a. MG Ryder, the Army Provost Marshall General, launched an investigation to assess ongoing detention and corrections operations in Iraq. MG Ryder completed that assessment on November 6, 2003, and a copy of the
b. MG Miller, Commander of the Guantanamo facility, launched an assessment of intelligence and detention operations that was completed on September 5, 2003. A copy of the Miller Report was provided to Congress..
c. MG Taguba's administrative investigation of detainee operations and the 800th MP Brigade was completed May 6, 2004, and a copy was submitted to Congress.
d. VADM Church completed a review of procedures at Guantanamo and Charleston on May 11, 2004.
e. LTG Jones and MG Fay are currently reviewing military intelligence and contractor interrogation procedures of the 205th MI Brigade at Abu Ghraib.
f. LTG Mikolashek, the Army Inspector General, is currently performing an overall assessment of doctrine and training related to detention operations.
g. BG Jacoby is currently reviewing detainee operations and facilities in Afghanistan.
h. Secretary Rumsfeld has ordered an investigation to collect authorized interrogation practices in the all DOD detention facilities used for the war on terror and to ensure that all appropriate policy guidance is being followed.
i. BG Formica is currently performing an administrative investigation into detainee abuse by CJSOTF-AP.
j. COL Ertman is performing an Army Reserve assessment of Reserve training with a focus on military intelligence and military police.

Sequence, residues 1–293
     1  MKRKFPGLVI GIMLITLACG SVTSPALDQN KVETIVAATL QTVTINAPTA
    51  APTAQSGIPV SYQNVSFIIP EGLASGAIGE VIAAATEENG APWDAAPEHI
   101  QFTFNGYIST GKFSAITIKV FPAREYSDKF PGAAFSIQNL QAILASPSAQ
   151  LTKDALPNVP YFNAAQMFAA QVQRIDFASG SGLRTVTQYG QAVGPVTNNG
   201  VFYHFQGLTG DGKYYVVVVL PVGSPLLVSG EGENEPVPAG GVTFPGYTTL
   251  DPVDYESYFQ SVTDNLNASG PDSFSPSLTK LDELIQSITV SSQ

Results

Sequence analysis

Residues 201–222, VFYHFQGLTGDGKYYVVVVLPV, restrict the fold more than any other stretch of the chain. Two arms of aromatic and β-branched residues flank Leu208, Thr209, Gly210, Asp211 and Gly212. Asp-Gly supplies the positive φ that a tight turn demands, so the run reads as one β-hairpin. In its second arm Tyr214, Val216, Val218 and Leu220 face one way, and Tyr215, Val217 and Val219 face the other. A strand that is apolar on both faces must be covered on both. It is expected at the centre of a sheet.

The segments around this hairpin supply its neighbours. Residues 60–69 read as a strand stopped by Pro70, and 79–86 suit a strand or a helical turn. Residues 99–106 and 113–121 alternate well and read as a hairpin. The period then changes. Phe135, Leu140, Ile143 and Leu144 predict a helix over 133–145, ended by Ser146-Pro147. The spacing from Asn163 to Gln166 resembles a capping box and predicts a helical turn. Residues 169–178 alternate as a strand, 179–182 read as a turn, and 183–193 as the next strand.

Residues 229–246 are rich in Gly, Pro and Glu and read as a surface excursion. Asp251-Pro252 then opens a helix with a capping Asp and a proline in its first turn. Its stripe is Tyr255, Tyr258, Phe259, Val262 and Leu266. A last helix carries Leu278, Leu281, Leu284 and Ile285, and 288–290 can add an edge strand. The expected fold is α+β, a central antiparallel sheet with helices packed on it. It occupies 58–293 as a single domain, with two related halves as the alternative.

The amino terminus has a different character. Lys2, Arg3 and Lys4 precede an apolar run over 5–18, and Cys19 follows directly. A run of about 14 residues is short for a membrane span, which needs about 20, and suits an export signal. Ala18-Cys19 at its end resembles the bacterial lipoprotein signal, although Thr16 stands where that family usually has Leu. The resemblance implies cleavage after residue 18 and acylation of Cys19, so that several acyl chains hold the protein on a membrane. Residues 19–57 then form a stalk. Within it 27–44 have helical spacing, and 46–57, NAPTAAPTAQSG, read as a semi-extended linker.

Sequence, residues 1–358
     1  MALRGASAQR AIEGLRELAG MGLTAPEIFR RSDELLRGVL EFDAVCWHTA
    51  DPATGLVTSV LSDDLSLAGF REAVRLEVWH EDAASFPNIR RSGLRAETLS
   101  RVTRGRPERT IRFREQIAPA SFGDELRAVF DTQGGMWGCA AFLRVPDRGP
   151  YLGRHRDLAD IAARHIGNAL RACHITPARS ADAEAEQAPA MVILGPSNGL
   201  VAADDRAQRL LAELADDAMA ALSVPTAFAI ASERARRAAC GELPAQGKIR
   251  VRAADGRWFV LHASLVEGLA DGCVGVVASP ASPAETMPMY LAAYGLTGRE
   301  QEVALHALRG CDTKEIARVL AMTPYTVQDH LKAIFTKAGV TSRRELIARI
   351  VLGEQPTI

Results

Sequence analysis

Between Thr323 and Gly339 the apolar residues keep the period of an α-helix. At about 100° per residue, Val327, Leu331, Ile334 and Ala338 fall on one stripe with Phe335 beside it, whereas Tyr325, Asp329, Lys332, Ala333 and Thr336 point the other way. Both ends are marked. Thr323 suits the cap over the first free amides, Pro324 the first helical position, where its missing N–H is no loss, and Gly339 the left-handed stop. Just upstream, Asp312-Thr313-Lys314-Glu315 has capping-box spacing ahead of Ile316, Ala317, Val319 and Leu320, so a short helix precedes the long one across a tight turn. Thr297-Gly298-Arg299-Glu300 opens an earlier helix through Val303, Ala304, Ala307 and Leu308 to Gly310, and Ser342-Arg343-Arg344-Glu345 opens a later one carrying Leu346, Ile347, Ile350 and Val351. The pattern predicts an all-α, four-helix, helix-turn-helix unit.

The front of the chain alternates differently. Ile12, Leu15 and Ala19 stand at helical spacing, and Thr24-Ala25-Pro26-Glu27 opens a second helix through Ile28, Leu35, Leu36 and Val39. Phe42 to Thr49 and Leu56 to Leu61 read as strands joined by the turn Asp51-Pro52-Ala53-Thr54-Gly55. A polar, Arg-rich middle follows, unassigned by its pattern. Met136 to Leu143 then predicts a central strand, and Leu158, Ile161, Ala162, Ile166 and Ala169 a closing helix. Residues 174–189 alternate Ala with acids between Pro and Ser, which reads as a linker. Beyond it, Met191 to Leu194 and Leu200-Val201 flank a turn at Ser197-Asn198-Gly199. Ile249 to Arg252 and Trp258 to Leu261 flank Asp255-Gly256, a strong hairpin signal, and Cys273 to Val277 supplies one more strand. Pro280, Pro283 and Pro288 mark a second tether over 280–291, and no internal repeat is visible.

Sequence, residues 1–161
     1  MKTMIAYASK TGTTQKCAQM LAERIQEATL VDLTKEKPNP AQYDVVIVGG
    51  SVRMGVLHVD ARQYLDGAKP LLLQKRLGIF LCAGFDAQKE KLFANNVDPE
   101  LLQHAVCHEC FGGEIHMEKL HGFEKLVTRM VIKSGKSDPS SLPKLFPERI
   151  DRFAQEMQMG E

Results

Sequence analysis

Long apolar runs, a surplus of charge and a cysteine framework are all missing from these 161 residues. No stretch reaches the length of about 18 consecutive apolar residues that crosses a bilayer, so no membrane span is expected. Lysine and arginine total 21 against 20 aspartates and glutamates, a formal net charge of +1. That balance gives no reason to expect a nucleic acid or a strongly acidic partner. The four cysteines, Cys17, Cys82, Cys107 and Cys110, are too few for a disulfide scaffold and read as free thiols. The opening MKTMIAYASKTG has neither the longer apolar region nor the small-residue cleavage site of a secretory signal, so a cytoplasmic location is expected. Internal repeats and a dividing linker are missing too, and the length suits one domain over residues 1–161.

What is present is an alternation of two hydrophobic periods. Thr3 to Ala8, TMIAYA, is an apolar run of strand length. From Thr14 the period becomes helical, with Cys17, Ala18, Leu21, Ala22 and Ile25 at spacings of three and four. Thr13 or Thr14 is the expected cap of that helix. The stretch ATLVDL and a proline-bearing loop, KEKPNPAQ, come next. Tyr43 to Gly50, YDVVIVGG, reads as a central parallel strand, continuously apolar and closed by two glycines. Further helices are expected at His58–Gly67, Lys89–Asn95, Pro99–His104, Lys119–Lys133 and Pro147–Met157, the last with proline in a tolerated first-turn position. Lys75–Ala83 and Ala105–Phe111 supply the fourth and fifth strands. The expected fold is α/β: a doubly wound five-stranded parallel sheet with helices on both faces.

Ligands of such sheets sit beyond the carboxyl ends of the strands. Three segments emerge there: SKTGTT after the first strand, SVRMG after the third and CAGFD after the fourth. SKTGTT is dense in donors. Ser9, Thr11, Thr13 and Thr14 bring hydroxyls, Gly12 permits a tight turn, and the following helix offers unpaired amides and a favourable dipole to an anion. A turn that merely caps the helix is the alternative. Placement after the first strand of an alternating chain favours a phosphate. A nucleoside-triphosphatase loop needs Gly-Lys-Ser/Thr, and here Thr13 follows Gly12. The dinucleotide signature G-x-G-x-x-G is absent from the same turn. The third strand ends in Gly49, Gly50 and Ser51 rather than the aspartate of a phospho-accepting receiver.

k. Hon. Schlesinger is leading an independent examination of detainee issues for the Department of Defense.
1. Finally, there are the criminal investigations of detainee abuse at Abu Ghraib and other detainee deaths while in Coalition custody.
m. To coordinate these various investigations and ensure a coherent policy response to their recommendations, the Department of Defense has created a new position, the Deputy Assistant Secretary of Defense for Detainee Affairs. This position will allow a single office to ensure compliance with DOD policy directives and coordinate with the ICRC. As part of this effort, DOD has taken steps to ensure that all ICRC reports (which formerly went only to officers in the field) are submitted directly to the Pentagon. The Departments of the Army and Navy are currently taking steps to launch criminal investigations into each instance of abuse alleged by the Red Cross.